Since release 1.5 it is also supported to have arrays included within an external file. You just have to provide the filename and Zend_Translate will automatically include it and look for the array. See the following example for details:

// myarray.php
return array(
    'message1' => 'Nachricht1',
    'message2' => 'Nachricht2',
    'message3' => 'Nachricht3');

// controller
$translate = new Zend_Translate('array', '/path/to/myarray.php', 'de');


Files which do not return an array will fail to be included. Also any output within this file will be ignored and suppressed.

Creating Gettext source files

Gettext source files are created by GNU's gettext library. There are several free tools available that can parse your code files and create the needed gettext source files. These have the extension *.mo and they are binary files. An open source tool for creating the files is » poEdit. This tool also supports you during the translation process itself.

// We accume that we have created the mo files and translated them
$translate = new Zend_Translate('gettext', '/path/to/', 'en');
$translate->addTranslation('/path/to/', 'de');

As you can see the adapters are used exactly the same way, with one small difference: change array to gettext. All other usages are exactly the same as with all other adapters. With the gettext adapter you no longer have to be aware of gettext's standard directory structure, bindtextdomain and textdomain. Just give the path and filename to the adapter.


You should always use UTF-8 as source encoding. Otherwise you will have problems when using two different source encodings. E.g. one of your source files is encoded with ISO-8815-11 and another one with CP815. You can set only one encoding for your source file, so one of your languages probably will not display correctly.

UTF-8 is a portable format which supports all languages. When using UTF-8 for all languages, you will eliminate the problem of incompatible encodings.

Many gettext editors add adapter informations as empty translation string. This is the reason why empty strings are not translated when using the gettext adapter. Instead they are erased from the translation table and provided by the getAdapterInfo() method. It will return the adapter informations for all added gettext files as array using the filename as key.

// Getting the adapter informations
$translate = new Zend_Translate('gettext', '/path/to/', 'en');

Creating TMX source files

TMX source files are a new industry standard. They have the advantage of being XML files and so they are readable by every editor and of course by humans. You can either create TMX files manually with a text editor, or you can use a special tool. But most tools currently available for creating TMX source files are not freely available.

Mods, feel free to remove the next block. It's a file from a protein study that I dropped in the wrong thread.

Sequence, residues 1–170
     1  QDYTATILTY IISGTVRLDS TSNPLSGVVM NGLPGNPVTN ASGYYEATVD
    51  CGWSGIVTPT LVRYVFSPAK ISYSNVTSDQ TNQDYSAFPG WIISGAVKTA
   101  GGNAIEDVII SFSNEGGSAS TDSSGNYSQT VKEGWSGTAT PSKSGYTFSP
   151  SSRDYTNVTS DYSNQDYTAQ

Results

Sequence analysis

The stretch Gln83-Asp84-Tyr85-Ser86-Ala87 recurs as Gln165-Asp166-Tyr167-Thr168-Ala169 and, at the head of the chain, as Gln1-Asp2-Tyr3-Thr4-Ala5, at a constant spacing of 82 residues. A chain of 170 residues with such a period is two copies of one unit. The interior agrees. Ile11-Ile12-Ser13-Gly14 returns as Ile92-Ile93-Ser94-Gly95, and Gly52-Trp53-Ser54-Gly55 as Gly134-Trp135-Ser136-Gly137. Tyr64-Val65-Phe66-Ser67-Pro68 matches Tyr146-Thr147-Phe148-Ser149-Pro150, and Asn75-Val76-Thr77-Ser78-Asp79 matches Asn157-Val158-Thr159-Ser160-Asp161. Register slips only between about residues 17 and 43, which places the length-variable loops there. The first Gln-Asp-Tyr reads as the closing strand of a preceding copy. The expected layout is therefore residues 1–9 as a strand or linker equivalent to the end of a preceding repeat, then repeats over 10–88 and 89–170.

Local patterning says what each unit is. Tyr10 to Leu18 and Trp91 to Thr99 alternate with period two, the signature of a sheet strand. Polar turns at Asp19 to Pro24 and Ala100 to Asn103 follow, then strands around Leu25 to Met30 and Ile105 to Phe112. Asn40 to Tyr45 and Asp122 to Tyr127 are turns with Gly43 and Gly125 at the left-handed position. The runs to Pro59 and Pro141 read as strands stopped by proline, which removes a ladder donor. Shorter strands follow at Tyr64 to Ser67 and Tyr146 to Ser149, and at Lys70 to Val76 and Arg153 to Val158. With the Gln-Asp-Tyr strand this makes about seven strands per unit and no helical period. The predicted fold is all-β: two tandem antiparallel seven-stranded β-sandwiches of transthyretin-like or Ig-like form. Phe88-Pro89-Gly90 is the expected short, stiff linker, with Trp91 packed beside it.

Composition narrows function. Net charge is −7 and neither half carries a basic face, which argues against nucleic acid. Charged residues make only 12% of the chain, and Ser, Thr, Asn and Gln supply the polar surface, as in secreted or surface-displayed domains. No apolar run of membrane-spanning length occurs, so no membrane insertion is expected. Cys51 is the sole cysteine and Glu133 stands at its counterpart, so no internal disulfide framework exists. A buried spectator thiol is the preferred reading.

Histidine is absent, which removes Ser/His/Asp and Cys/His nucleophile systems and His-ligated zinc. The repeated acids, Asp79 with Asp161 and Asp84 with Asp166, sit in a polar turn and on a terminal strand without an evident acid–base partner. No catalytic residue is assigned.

Example #3 Example TMX file

Nachricht1 message1 message2 Nachricht2
$translate = new Zend_Translate('tmx', 'path/to/mytranslation.tmx', 'en');

TMX files can have several languages within the same file. All other included languages are added automatically, so you do not have to call addLanguage().

If you want to have only specified languages from the source translated you can set the option 'defined_language' to true. With this option you can add the wished languages explicitly with addLanguage(). The default value for this option is to add all languages.

Creating CSV source files

CSV source files are small and human readable. If your customers want to translate their own, you will probably use the CSV adapter.

Example #4 Example CSV file

#Example csv file
$translate = new Zend_Translate('csv', '/path/to/mytranslation.csv', 'de');
$translate->addTranslation('path/to/other.csv', 'fr');

There are three different options for the CSV adapter. You can set 'delimiter', 'limit' and 'enclosure'.

The default delimiter for CSV string is ';', but with the option 'delimiter' you can decide to use another one.

The default limit for a line within a CSV file is '0'. This means that the end of a CSV line is searched automatically. If you set 'limit' to any value, then the CSV file will be read faster, but any line exceeding this limit will be truncated.

The default enclosure to use for CSV files is '"'. You can set a different one using the option 'enclosure'.

Example #5 Second CSV file example

# Example CSV file
$translate = new Zend_Translate(
    array('delimiter' => ','));

$translate->addTranslation('/path/to/other.csv', 'fr');

Creating INI source files

INI source files are human readable but normally not very small as they also include other data beside translations. If you have data which shall be editable by your customers you can use the INI adapter.

Example #6 Example INI file

;TestPage Comment
Message_1="Nachricht 1 (de)"
Message_2="Nachricht 2 (de)"
Message_3="Nachricht :3 (de)"
$translate = new Zend_Translate('ini', '/path/to/mytranslation.ini', 'de');
$translate->addTranslation('/path/to/other.ini', 'it');

INI files have several restrictions. If a value in the ini file contains any non-alphanumeric characters it needs to be enclosed in double-quotes ("). There are also reserved words which must not be used as keys for ini files. These include: null, yes, no, true, and false. Values null, no and false results in "", yes and true results in 1. Characters {}|&~![()" must not be used anywhere in the key and have a special meaning in the value. Do not use them as it will produce unexpected behaviour.

Options for adapters

Options can be used with all adapters. Of course the options are different for all adapters. You can set options when you create the adapter. Actually there is one option which is available to all adapters: 'clear' sets if translation data should be added to existing one or not. Standard behaviour is to add new translation data to existing one. But the translation data is only cleared for the selected language. So other languages remain untouched.